Gratitude in Hell

thank you heart text
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In the past, almost five months, I have gone through hell, lived in hell. I am trying to climb out of it,  with success, until some moments grab me by the ankles, trying to pull me further in. Yet through this nightmare, I am able to see the people and feelings I am grateful for, even through tears blinded by sorrow, at least today.  So, on this day, the Tuesday before Thanksgiving, I would like to list them before Grief mutes me.

1). First and foremost, I am thankful for Peter. I am thankful I loved someone so hard, I mourn him so hard. I am thankful I was loved by him and loved until death took him. I am thankful for our unique and close and deep connection if only for a short time, for it was one not too many people have with another human being.  I am thankful to have basked in his genius, be in aw of his patience, touched by his gentleness, take in his physical beauty, to feel him, smell him, know him, and to share our children with him. I am thankful, I’ll always be thankful, to have been one half of our full partnership in life and all that meant.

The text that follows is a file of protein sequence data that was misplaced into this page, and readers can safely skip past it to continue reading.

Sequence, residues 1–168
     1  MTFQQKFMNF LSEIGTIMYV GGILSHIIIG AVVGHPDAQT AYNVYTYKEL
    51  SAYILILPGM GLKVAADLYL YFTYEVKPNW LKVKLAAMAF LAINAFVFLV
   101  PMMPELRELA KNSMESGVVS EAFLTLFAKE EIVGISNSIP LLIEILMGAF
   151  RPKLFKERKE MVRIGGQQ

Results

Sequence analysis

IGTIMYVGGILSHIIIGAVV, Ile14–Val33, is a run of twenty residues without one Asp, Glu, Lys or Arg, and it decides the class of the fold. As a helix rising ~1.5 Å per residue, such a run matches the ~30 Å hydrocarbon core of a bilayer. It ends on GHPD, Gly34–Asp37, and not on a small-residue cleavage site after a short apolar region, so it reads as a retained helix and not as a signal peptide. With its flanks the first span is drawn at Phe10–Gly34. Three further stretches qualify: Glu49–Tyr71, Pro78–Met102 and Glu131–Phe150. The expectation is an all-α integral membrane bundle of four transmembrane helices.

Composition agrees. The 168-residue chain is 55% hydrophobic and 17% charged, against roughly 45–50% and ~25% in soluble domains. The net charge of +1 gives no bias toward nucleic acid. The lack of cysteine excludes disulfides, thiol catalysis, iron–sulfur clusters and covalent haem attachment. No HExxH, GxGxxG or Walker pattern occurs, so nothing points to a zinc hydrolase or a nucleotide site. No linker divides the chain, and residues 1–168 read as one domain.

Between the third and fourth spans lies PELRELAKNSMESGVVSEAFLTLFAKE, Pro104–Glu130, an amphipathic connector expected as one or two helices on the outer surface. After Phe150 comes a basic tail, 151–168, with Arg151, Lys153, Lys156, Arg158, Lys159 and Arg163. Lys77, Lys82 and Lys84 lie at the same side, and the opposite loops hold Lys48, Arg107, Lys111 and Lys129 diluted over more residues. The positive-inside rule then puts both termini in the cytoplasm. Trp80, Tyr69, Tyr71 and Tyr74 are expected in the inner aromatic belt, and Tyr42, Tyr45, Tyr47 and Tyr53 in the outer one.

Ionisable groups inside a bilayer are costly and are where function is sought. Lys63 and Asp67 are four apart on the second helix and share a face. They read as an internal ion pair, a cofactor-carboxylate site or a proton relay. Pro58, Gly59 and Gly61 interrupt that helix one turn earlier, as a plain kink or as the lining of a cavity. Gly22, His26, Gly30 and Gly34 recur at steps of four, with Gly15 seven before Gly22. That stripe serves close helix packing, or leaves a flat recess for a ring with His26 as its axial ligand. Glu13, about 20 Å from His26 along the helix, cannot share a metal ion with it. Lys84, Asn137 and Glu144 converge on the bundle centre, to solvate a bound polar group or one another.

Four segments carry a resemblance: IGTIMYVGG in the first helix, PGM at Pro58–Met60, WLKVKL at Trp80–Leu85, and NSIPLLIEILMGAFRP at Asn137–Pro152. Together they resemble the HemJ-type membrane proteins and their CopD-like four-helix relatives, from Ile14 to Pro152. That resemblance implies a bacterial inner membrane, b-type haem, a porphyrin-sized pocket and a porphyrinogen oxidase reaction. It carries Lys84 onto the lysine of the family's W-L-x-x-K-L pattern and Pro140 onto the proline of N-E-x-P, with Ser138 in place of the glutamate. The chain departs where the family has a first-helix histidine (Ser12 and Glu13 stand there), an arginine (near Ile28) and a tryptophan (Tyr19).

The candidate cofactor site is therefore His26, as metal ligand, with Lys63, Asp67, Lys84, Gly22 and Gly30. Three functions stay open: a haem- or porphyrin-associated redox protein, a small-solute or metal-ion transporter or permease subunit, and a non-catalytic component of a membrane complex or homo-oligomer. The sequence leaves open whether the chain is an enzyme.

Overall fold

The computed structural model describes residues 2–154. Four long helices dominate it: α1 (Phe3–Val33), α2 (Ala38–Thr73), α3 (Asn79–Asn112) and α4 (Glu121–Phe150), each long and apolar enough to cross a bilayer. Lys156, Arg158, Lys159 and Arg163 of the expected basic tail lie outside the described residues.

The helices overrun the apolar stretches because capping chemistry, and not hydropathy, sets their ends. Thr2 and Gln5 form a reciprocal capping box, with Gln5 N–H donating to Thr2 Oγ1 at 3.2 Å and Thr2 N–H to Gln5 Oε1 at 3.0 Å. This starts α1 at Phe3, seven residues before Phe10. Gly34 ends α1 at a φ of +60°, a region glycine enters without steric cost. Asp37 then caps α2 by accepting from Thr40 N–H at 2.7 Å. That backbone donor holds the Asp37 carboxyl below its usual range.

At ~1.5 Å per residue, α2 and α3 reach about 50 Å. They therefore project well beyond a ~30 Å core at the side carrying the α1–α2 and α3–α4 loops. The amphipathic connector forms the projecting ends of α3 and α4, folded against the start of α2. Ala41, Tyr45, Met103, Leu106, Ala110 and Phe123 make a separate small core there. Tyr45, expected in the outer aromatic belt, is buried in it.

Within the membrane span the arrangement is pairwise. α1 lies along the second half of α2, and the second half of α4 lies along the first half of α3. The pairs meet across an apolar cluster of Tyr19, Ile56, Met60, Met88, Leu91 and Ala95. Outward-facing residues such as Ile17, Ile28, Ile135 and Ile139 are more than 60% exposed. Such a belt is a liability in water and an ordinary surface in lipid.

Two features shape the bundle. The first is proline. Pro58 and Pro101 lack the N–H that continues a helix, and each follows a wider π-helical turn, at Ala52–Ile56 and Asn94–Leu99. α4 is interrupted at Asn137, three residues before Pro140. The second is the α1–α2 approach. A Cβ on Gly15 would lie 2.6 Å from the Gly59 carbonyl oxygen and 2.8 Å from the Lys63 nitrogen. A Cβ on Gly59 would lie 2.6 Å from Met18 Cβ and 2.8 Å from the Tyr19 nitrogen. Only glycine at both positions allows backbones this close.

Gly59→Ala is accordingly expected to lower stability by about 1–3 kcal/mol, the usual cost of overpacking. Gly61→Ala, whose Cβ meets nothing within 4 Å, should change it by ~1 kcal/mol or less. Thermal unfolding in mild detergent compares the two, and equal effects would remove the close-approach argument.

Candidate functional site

2). I am thankful for my two children, the people Peter and I created, raised, and loved. I am thankful for their love, their independence, their brilliance, their confidence, their determination, their friendship, their help, their respect for humanity, and their constant presence in my life. I am thankful to see Peter reflected back in them and knowing, he will always live through them. And I am thankful they took on public service careers to give back to this earth, its people, for theirs are amazing callings. I am thankful for their own difficult grief because it shows me their enormous love for their father. And I am thankful God, the Universe, chose me to be their mother as it is a role I am honored and humbled to hold.

3). I am thankful for my tribe. I am thankful for the sister-friends who came running when I crumbled. I am thankful they stayed and helped me pick back up as many pieces I could. I am thankful they are still here and aiding me while I pick up what remains in order to create someone I don’t know yet. I am thankful for their unconditional love, their undying loyalty, and their unwavering support. I am thankful for the pillars they erected around me to lean on when I stand. Yes, I am thankful for the tribe, this tribe, one I could not have made it this far without.

4). I am thankful for my Barkley Block family who provided for me when I had no strength in me to roll over in bed, let alone cook a meal or mow the lawn. I am thankful to the women for our bond to share, to mourn, to support and to laugh. I am thankful for the men who still offer to do. or do, the chores Peter normally did – shovel the snow, get down decorations, change a furnace filter. I am thankful to hear all my Barkley neighbor’s stories of Peter because I see how he lives on in them. And I am thankful for these neighbors of twenty-three years, who have become my family, my Barkley family and came running when one of their own died.